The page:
Climate theory predicts that carbon dioxide will have only a small direct impact on climate.  The amount of direct warming is not generally in dispute.   Carbon dioxide is a small molecule and relatively inefficient as a green house gas.

Climate science as practiced by the IPCC predicts that changes in carbon dioxide will cause other pieces of the climate ecosystem to react in very specific ways.   That reaction is predicted to be significant.  It is widely believed (the conventional wisdom of today) that increased carbon dioxide will cause increased water vapor which will cause the world to suddenly warm much more rapidly until a new equilibrium temperature is reached.

This positive feedback assumes the climate system is highly sensitive to changes in  carbon dioxide.  The only confirmation of this assumption is the output of computer models.  There is no experimental evidence.  It’s difficult to predict how the ecosystem will respond with no spare Earth floating around to experiment on.

Climate scientists use complex computer models to predict climate.  The IPCC has high confidence in these models.

I do not share their confidence.  Computer models have problems.   One can only model the known.  Unknowns are a problem for computer models, particularly important unknowns…..like the Sun.  The IPCC says they have a Low Level of Scientific Understanding about the Sun in the 2007 Report.

Models begin about 150 years ago which means they all encompass only a period of steadily warming temperatures.  The last long cooling cycle (The Little Ice Age) ended about 250 years ago.

The period from 1976 to 1998 was one of relatively rapid warming.  When the IPCC assumed a high positive feedback from carbon dioxide in their models the models worked better.  Carbon dioxide was going up rapidly and so was temperature.  One must cause the other?  They could not find any other explanation.

Perhaps they didn’t look for one.  Or maybe it was something they didn’t know about….like soot.  A study in 2008 predicted that as much as 18% of observed global warming might be due to soot.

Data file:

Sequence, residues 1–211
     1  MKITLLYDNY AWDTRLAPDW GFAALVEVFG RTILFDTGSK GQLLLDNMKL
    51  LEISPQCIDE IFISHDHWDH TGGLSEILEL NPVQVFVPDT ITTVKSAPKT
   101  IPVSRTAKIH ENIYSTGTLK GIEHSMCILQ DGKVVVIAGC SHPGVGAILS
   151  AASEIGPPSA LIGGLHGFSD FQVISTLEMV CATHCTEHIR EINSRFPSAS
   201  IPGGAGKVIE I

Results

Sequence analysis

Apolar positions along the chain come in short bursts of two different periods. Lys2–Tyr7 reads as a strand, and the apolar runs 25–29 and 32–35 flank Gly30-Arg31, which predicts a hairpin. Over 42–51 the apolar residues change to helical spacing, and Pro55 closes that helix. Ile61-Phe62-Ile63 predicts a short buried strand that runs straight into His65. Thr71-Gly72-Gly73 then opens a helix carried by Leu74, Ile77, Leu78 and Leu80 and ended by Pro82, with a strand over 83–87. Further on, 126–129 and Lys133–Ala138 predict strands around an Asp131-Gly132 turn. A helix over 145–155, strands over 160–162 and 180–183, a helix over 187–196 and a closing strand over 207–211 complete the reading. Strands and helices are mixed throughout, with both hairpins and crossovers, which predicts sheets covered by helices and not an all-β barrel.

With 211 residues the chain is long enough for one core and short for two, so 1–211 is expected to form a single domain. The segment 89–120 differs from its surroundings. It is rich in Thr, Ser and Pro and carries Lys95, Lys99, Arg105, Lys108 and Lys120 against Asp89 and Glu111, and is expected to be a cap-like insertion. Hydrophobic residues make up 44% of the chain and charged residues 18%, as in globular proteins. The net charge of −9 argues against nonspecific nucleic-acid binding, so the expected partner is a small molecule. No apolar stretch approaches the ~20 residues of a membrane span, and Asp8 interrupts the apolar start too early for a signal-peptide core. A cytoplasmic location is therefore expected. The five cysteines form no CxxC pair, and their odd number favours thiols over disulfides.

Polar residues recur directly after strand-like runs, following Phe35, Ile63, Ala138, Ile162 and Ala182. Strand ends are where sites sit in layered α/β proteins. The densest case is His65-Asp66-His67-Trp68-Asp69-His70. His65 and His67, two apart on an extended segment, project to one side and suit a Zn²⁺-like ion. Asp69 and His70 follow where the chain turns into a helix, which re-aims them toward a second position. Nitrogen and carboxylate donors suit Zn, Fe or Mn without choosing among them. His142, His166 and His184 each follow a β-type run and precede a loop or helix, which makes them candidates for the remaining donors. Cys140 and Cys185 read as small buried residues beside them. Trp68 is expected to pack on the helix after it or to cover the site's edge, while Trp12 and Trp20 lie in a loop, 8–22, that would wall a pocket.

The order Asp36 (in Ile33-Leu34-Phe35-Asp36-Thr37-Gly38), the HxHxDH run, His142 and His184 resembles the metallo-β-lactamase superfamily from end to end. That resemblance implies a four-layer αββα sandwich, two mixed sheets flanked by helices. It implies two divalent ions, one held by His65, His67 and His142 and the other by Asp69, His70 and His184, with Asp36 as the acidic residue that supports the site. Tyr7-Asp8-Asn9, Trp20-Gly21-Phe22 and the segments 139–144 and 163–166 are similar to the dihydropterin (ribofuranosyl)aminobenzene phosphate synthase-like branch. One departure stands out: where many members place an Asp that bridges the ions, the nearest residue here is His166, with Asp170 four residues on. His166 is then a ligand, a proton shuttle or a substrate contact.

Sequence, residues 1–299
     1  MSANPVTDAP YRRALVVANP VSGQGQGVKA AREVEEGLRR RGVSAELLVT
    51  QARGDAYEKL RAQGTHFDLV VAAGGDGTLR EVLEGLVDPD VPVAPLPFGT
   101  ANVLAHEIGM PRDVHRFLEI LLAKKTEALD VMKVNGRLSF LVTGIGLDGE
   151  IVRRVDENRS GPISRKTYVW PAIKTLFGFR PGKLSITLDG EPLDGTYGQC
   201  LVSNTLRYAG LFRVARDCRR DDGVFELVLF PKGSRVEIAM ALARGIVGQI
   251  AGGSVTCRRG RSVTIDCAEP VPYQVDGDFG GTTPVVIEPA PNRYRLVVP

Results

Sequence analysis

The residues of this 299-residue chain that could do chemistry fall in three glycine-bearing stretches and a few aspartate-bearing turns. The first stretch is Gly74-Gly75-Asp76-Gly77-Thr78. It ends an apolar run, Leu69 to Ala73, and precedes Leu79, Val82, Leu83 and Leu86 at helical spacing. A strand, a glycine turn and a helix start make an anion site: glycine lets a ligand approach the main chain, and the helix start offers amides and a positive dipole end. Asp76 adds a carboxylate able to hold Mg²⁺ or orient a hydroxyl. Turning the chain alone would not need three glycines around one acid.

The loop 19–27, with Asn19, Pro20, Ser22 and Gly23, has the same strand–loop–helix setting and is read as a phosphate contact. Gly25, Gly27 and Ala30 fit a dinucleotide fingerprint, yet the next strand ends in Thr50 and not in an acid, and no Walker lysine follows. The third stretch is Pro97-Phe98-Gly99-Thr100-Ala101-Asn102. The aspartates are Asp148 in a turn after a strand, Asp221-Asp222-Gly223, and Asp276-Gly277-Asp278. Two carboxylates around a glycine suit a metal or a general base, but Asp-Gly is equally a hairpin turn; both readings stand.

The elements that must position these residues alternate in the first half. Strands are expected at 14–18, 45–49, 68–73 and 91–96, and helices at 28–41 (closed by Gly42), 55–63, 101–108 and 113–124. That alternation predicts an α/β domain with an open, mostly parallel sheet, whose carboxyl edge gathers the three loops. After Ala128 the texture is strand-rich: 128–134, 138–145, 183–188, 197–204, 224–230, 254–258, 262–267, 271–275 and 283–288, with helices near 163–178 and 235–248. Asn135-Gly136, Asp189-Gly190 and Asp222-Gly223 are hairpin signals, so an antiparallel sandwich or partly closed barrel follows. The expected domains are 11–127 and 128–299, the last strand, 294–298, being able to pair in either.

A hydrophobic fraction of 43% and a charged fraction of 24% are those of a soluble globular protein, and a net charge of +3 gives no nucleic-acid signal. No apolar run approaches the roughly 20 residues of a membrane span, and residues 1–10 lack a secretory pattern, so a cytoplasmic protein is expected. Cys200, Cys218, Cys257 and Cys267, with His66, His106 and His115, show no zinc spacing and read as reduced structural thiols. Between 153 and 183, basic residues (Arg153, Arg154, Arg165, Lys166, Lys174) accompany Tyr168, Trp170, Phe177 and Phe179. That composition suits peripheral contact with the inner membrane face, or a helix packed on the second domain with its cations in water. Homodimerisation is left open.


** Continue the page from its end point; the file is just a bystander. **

The UN’s Intergovernmental Panel on Climate Change (IPCC) has been writing Reports on Climate since 1990.  Carbon dioxide has been the culprit in every report.

The latest published report is the Fourth Assessment, nicknamed AR4.  The IPCC used climate modeling scenarios to predict climate in the year 2100.  All Scenarios (B1, A1T,B2, A1B, A2, A1F1)  discussed in the IPCC 2007 Summary Report made assumptions relating to carbon dioxide produced by man.  The scenarios are not quantified in any other way.  No other possible reasons are discussed. Carbon dioxide is the only variable discussed.

Here is a graph from the 2007 IPCC report that describes the various Scenarios considered:

Those scenarios were then used to generate climate predictions using computer models:   Here is the graph presented that showed those predictions:

The bars on the far right indicate the variability of each model at the year 2100. The shading in the graph does not strictly match the bars.  I suspect that is so the chart will be easier to read the more likely guesses (oops I mean predictions!).  The charts were prepared in 2005.   The color stripe in the bar is the best estimate number generated by the IPCC for that scenario.  The IPCC Synopses made no predictions about the Scenarios. Which Scenarios were likely?  Which were silly?  The IPCC preferred not to offer an opinion.

When I look at this data, I don’t see computer models that agree with each other. I see  scattered data.  Scenario A1F1 could produce a 2 degree C change or a 6 degree C change just 95 years after the chart was prepared.  One is a change of about twice the rate of the last 100 years, the other predicts six times the current rate of change.   The press frequently uses the biggest numbers when reporting.  Text associated with the chart stated that the chart only considered 90% of the model runs.  10% were either higher or lower than this chart shows.

There are so many things to consider when trying to model the climate ecosystem… and so many things we don’t know.  I am not surprised the models don’t agree.  Climate modeling is a very difficult task.

We are just beginning to understand the oceans and the sun.  Cloud formations are still a mystery.  Aerosols might be important too.   And soot.   And air pollution.   We have a long way to go.

The IPCC admits to all these shortcomings….and then assumes there is a 90% probability that they are right.  If recent press reports can be believed the certainty level  has risen to 95% in the new soon to be released AR5 Assessment of climate.

I must respectfully disagree.   If computer models could accurately predict ice ages, or at least the Holocene, I’d be more impressed.  The Medieval Warming Period and the Little Ice Age are too difficult for the modelers right now.  So far at least, temperature has failed to live up to the theory presented.  The 21st century has been much cooler than predicted by the IPCC.

Carbon dioxide impacts climate.   The notion of the strong positive feedback between carbon dioxide and the rest of the climate ecosystem is an interesting theory….but it’s just that ….a theory.  It might be right…but recent data indicates that it is wild high.   The world will be warmer than it otherwise would be.  But how much warmer…..and from what baseline….that’s a difficult question.

And the IPCC is guessing!